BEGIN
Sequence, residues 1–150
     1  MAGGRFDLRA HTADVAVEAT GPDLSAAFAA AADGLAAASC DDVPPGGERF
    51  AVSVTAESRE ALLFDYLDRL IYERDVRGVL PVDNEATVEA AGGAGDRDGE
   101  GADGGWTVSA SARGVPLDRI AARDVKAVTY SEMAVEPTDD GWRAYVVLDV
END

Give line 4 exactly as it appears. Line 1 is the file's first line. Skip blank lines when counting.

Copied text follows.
   101  GADGGWTVSA SARGVPLDRI AARDVKAVTY SEMAVEPTDD GWRAYVVLDV